The gamma background is measured with a separate set of detectors. These two detectors are known as the mobile gamma unit (MGU) because they can be setup anywhere throughout the facility, including outside of the machine hall, and have their measurements recorded on a fast oscilloscope. These detectors use cylindrical 1 x 5 cm BGO scintillators just as the GRI detectors, and are manufactured by SCIONIX as model 10B50/0.5-E1-BGO-X. The difference with the MGU detectors is that they are connected to photomultiplier tubes (PMTs, Hamamatsu R647 series [20]). The PMTs are more sensitive than the PIN diodes used in the GRI detectors. PMTs cannot be shielded su ciently to operate in the large magnetic fields of the GRI installation, however, so the MGU is only used for the background gamma measurement (without magnetic field or a plasma) and in plasma experiments it is run in a separate room away from the machine hall.

The background gamma ray spectrum during a runaway electron experiment is shown in Fig. 8. A series of samples are taken following the completion of a plasma experiment and the beginning of a two week maintenance period during which no plasmas were produced.

FIG. 8. Energy spectrum of gamma rays measured as a function of time following the last plasma shot before an extended break in plasma operations.

FIG. 8. Energy spectrum of gamma rays measured as a function of time following the last plasma shot before an extended break in plasma operations.

C. Pulse detection results

Data acquired by the BGO detectors contain pulses from gamma rays, noise unique to each channel, and pickup similar across all channels. The data are routinely subject to a series of signal processing algorithms before being analyzed. An example of two data traces, D1 and D2, from detectors installed on DIII-D during normal tokamak operation is shown in Fig. 9(a). The signal from D1 represents plasma- produced radiation, while D2 is acquired by a detector that is shielded from the plasma (i.e., it is a blind detector providing background reference). The GRI digitizer begins acquisition 50 ms before plasma breakdown, and those data are used to determine signal offsets that are subtracted before further processing. The signal D1 – D2 is plotted in Fig. 9(b), which demonstrates the significant reduction in noise from \sim 200 mV of noise down to \sim 20 mV. The data are then processed using the Double-Digital Ramp to Gaussian Shaper (D-DRGS) algorithm [21]. This algorithm further reduces the noise to below 10 mV while maintaining the heights of the pulses. The D-DRGS algorithm correctly measures the height of the peak at t = 7004.815 ms which is piled onto the previous pulse. A threshold is defined and any peaks on the D-DRGS trace above this threshold are counted as pulses with their heights and timestamps recorded. Using these techniques, pulse height energy spectrums can be generated during runaway electron experiments.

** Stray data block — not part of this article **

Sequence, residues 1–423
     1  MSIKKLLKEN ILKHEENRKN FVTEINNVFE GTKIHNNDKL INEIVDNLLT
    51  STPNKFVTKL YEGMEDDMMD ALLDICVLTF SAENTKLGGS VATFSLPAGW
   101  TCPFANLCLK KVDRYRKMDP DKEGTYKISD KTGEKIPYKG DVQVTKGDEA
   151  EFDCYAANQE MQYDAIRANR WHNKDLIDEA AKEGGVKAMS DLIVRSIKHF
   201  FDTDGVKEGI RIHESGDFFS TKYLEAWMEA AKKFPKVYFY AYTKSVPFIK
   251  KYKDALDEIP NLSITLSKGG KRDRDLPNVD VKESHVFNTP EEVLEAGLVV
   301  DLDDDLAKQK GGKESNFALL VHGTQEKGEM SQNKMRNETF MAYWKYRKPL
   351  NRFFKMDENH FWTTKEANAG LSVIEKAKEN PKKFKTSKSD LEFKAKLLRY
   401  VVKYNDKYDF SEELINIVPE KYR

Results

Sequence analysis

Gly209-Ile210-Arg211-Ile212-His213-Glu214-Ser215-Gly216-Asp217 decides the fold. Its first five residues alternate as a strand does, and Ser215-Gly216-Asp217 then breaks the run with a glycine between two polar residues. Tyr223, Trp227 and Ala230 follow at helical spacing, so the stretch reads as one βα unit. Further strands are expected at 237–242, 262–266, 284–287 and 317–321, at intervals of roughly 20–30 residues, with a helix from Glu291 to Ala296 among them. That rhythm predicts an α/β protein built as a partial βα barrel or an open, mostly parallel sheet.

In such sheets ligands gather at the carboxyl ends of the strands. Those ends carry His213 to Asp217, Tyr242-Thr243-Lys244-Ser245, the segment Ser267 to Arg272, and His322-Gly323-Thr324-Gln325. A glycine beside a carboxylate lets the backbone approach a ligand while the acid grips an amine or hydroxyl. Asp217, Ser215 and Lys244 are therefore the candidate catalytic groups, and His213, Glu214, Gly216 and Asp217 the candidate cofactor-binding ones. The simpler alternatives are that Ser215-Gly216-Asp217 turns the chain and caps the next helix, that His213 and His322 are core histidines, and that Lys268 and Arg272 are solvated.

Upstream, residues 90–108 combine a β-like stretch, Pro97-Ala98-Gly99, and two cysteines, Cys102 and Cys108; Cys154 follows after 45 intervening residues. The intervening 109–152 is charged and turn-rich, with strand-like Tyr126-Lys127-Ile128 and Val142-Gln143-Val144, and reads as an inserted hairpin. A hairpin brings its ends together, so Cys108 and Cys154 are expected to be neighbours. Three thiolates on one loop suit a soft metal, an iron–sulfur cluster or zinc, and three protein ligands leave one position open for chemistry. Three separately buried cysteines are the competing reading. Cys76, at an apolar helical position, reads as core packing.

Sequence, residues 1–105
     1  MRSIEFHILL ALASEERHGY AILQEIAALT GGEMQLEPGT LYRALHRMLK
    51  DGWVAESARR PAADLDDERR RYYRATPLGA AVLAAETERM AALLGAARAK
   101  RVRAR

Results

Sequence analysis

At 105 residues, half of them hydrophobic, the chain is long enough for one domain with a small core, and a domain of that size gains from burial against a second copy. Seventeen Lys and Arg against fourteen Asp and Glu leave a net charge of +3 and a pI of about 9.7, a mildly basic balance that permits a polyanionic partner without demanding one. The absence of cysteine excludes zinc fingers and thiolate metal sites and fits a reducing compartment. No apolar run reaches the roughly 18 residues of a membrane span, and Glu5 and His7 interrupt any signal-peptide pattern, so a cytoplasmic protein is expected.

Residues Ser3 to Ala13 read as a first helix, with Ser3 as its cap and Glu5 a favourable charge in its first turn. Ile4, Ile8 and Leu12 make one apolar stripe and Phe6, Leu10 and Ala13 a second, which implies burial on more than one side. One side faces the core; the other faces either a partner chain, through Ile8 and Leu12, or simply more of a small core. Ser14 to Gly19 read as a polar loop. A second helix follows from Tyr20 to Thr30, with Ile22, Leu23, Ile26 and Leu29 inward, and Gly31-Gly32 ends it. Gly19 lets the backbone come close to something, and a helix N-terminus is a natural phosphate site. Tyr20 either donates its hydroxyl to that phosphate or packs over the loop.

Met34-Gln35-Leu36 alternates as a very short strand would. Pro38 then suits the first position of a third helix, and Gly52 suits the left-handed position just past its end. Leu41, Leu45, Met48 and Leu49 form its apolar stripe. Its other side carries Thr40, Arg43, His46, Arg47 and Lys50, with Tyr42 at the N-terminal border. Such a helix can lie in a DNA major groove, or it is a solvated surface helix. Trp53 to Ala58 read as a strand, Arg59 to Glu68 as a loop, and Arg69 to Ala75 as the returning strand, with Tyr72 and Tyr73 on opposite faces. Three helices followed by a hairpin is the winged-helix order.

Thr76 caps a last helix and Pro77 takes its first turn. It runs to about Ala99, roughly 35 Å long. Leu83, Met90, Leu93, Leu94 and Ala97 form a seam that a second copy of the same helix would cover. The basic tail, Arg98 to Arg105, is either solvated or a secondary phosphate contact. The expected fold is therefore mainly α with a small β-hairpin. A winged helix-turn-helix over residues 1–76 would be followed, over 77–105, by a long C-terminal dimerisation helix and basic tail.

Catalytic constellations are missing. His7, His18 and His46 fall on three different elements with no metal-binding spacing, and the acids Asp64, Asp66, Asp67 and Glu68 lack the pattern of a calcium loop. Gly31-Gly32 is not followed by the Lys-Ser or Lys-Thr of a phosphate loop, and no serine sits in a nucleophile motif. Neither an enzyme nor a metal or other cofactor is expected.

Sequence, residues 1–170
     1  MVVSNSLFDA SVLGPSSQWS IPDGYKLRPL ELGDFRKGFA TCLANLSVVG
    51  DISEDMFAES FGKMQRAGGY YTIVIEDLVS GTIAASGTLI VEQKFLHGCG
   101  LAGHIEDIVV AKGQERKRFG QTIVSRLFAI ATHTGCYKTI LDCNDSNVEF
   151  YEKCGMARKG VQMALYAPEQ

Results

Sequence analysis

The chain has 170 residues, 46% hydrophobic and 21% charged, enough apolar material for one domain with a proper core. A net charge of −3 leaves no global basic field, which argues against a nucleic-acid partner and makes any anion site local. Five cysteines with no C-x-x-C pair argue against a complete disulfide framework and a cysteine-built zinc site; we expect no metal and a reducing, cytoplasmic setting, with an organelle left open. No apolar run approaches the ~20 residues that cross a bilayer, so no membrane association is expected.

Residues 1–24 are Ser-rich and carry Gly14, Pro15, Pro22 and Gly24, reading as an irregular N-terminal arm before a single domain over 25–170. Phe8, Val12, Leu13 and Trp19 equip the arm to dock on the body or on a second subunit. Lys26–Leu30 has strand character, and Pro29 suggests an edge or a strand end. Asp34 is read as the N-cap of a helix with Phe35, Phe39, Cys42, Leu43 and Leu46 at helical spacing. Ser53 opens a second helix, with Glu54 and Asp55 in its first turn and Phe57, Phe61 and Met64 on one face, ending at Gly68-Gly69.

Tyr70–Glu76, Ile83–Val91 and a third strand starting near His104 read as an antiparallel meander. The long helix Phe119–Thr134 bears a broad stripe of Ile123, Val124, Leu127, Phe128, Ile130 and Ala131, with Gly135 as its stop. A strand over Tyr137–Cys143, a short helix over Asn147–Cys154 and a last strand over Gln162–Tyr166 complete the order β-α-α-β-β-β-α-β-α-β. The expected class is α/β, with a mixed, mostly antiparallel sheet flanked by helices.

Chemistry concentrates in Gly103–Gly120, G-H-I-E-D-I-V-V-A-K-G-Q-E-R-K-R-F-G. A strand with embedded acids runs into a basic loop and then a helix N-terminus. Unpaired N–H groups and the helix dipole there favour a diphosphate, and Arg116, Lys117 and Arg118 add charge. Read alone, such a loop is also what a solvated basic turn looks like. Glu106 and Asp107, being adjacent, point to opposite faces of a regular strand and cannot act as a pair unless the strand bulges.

FIG.9. Measured gamma radiation from DIII-D shot 162499. (a) Raw traces from an active (D1) and a blind (D2) detector. (b) The net signal, D1 - D2, is produced by subtracting the blind detector signal from the active signal. Final processing with the D-DRGS algorithm produces a set of individual gamma ray pulses (red trace).

FIG.9. Measured gamma radiation from DIII-D shot 162499. (a) Raw traces from an active (D1) and a blind (D2) detector. (b) The net signal, D1 – D2, is produced by subtracting the blind detector signal from the active signal. Final processing with the D-DRGS algorithm produces a set of individual gamma ray pulses (red trace).

IV. SUMMARY

A gamma ray imager has been installed and commissioned on the DIII-D tokamak. This new diagnostic system will provide two-dimensional measurements of both the number density and energy spectrum of gamma rays with energies in the range of 1–60 MeV. These measurements will quantify the spatiotemporal dissipation of runaway electron beams subject to rapid injection of high-Z (typically argon or neon) gas or frozen pellets. The observed dissipation in such experiments remains considerably faster than predicted [8]. Initial experience with the gamma ray imager has necessarily focused on accounting for noise and background contributions, with the next runaway electron experiments scheduled for the near future.

ACKNOWLEDGMENTS

The authors would like to thank Vasily Kiptily, Rita Costa Pereira, and Ana Fernandes for valuable discussions and assistance in implementing the pulse height analysis methods; and Paul Schotanus and his colleagues at SCIONIX for their rapid support throughout the commissioning of the GRI. The GRI was designed and fabricated under General Atomics Internal Research and Development support. Testing of the camera on DIII-D was supported in part by the US Department of Energy, Office of Science, Office of Fusion Energy Sciences, using the DIII-D National Fusion Facility, a DOE Office of Science user facility, under Award Nos. DE-FC02-04ER54698, DE-AC05-06OR23100, and DE-FG02- 07ER54912. The participation of V. Riso was supported in part by the U.S. Department of Energy, Office of Science, Office of Workforce Development for Teachers and Scientists (WDTS) under the Science Undergraduate Laboratory Internship (SULI) program. DIII-D data shown in this paper can be obtained by following the links at https://fusion.gat.com/ global/D3D_DMP.